Toad Suck Review has exploded with success since its debut issue in 2011. Volume 2 is titled “Obey” and follows well on the heels of a remarkable first issue. The table of contents is enough to lure you into a very different and fun structure. Included are: Nonfixion, High-Octane Poetix, Artist-in-Residence Features, Fixion, Translation, Eco-Edge, Critical Intel, and much more. This magazine features not only current writers, but honors great past writers as well. Everything is woven into an incredibly enjoyable read that leaves breadcrumbs along the way to find more where that came from.
I was especially blown away by “A ‘Very Nice’ Sand Castle” by Charles Bukowski. At first, I had reader’s whiplash. Hadn’t we lost Bukowski in the ‘90s? But this story brings him back to life, even larger than life. The narrator brings his daughter, Louise, to a cement wall that runs along the shoreline. As they are eating lunch, the narrator states: “It’s too bad I have to look at those people,” which sparks an insightful conversation with Louise:
“Why don’t you want to look at them?”
“They have no desire.”
“Well, let’s see. ‘Desire’ is wanting something you usually can’t get right when you want it, but if you have enough ‘desire’ you can sometimes get it anyhow . . . Oh hell—that sounds like ‘ambition,’ which is something you’re trained to do instead of something you want to do. Let’s just say that those people don’t want anything.”
“Those people don’t want anything?”
“Right. In a sense, nothing affects them so they don’t want anything, they aren’t anything. Especially in Western Civilization.”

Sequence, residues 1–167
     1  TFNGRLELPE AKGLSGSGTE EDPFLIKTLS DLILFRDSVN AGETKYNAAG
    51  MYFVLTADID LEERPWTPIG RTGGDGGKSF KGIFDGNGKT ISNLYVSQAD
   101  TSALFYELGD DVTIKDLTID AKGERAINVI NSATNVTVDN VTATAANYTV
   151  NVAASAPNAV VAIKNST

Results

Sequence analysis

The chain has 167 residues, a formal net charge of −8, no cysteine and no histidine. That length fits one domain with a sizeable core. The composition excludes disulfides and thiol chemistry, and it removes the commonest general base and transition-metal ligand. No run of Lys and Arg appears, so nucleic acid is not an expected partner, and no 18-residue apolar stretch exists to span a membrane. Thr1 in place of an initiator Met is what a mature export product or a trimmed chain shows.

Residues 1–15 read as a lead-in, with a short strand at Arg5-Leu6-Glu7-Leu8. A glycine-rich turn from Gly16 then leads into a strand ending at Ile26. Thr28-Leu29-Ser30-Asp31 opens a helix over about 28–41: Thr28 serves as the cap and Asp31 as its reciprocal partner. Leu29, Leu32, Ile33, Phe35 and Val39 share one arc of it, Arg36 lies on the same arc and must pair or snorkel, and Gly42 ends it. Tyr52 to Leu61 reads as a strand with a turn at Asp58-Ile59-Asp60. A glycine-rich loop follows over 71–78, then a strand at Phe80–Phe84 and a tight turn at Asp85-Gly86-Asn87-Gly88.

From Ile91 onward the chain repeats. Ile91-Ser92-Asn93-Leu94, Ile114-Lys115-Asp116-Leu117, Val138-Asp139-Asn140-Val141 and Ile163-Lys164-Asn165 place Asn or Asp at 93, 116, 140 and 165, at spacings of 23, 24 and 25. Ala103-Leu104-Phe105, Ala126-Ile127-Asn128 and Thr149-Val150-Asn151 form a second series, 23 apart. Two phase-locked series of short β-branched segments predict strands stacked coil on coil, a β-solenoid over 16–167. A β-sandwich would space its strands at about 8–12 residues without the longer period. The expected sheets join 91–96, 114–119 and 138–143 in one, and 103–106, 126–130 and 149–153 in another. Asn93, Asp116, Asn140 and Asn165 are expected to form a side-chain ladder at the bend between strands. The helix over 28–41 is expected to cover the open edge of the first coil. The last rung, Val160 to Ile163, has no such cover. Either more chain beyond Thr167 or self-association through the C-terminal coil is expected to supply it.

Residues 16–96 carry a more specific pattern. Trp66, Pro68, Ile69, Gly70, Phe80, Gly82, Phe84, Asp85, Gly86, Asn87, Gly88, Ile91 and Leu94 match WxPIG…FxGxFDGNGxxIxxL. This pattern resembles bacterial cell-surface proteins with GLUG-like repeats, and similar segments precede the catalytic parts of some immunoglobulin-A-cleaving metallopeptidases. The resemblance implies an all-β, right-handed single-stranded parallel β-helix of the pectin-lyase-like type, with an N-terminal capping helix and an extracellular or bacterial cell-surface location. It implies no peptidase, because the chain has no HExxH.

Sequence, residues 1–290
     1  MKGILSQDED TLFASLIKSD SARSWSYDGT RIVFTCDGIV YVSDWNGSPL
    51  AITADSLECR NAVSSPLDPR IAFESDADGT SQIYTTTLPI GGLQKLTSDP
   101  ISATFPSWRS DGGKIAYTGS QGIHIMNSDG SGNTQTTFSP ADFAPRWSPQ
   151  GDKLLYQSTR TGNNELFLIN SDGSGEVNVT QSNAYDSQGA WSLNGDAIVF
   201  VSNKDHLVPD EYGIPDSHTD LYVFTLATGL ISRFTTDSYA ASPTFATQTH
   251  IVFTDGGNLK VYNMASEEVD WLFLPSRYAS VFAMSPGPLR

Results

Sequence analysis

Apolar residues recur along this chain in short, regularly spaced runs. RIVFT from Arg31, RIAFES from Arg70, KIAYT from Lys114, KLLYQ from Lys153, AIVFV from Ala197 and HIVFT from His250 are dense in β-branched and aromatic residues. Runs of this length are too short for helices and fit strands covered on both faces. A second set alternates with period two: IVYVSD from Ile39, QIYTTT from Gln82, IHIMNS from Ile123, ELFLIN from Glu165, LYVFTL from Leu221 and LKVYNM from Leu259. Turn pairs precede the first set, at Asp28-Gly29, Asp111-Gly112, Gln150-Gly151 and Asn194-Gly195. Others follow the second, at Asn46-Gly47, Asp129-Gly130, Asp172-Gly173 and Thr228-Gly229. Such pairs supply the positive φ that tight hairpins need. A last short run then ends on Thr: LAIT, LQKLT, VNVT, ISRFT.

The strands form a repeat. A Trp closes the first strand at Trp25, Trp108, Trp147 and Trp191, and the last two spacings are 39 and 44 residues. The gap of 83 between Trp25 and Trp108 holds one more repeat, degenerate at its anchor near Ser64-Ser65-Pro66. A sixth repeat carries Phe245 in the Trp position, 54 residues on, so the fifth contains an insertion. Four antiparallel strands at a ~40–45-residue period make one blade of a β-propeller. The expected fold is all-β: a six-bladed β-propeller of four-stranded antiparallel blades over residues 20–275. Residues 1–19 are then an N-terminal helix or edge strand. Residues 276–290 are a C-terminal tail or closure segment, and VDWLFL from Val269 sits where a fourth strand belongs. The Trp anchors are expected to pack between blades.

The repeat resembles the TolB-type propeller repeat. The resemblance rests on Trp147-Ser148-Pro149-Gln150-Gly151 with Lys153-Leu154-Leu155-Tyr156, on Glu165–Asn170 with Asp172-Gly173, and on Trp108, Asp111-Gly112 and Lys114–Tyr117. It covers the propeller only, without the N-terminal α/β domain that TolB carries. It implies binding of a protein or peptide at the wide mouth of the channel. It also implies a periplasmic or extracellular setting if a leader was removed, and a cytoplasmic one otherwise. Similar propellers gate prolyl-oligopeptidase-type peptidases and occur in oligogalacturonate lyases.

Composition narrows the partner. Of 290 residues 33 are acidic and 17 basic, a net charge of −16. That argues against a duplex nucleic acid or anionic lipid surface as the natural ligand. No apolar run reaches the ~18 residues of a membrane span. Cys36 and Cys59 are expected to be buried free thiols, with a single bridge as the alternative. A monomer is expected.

“But that’s the way they are. Maybe that’s a good way to be.”
As the two contemplate desire and ambition and consequently drive, I thought about myself as well as others surrounding me. Great literature tends to make you think. The story continues as two gentlemen walking down the beach rough up a homeless man and the narrator intervenes. I’ll leave it up to you to discover his next insightful conversation with the homeless man.
Unlike the infamous Charles Bukowski, I was unfamiliar with Roy Trask before reading this issue. The excerpt “Supermodel Stupor Model” highlights some of his novel Surreal Killer. The sarcasm and emphasis is absolutely remarkable; I cannot recall reading such a cheeky and fun piece of writing prior to Trask’s work. Here’s a little nibble:
Then one day Susan was stationed somewhere in the caribbean doing a swimsuit photo shoot Of Course Susan stayed at the plushest resort Because Susan Didn’t Have To Pay She was SO famous and desirable that she stayed at ALL hotels for free Ate at ALL restaurants for free She did NOT have to tip She fucking SHOPPED for free so ecstatic were any sort of business owners lucky enough to have Susan step through their doors Oh My God Gasped the help And took photos with their cellular telephones
There is no punctuation, and the spacing varies throughout the excerpt to emphasis different breaks. Normally, I cringe at the forced gimmicks of such utter breaking of the English language; however, Trask makes the English language his own, and every rule he breaks works together, just as Susan breaks the rules.
In the section titled: Critical Intel, C. Prozac offers us some “No B.S. Reviews.” Even better, they are in the form of poetry! For example, he begins reviewing John Roch’s book titled Road Ghosts as follows:
portrait of a teenage
“Howl”ing his trek
Prozac also reviews a 200 paperback titled Blank by Davis Schneiderman. Following the book’s information is a large white space. It’s just blank, down to the bottom of the page. Although I have no idea what Schneiderman’s book entails, I’m assuming it’s a big wad of nothing. Which is a very clever way to review a book titled Blank with nothing but a bit of blank page.
It is rare for me to blatantly praise a literary magazine for all its glory; however, this issue of Toad Suck Review is an incredible read. The stories are diverse, fun, edgy, comical, and really push the limits. Toad Suck Review is daring. After each piece, the editors thoughtfully include where the piece originates from and how to purchase the extended version. I am not ashamed to admit that I ordered Surreal Killer immediately after I read Trask’s excerpt. These pages will make you think, laugh, search, talk, and maybe even cry in happiness a little bit on the inside.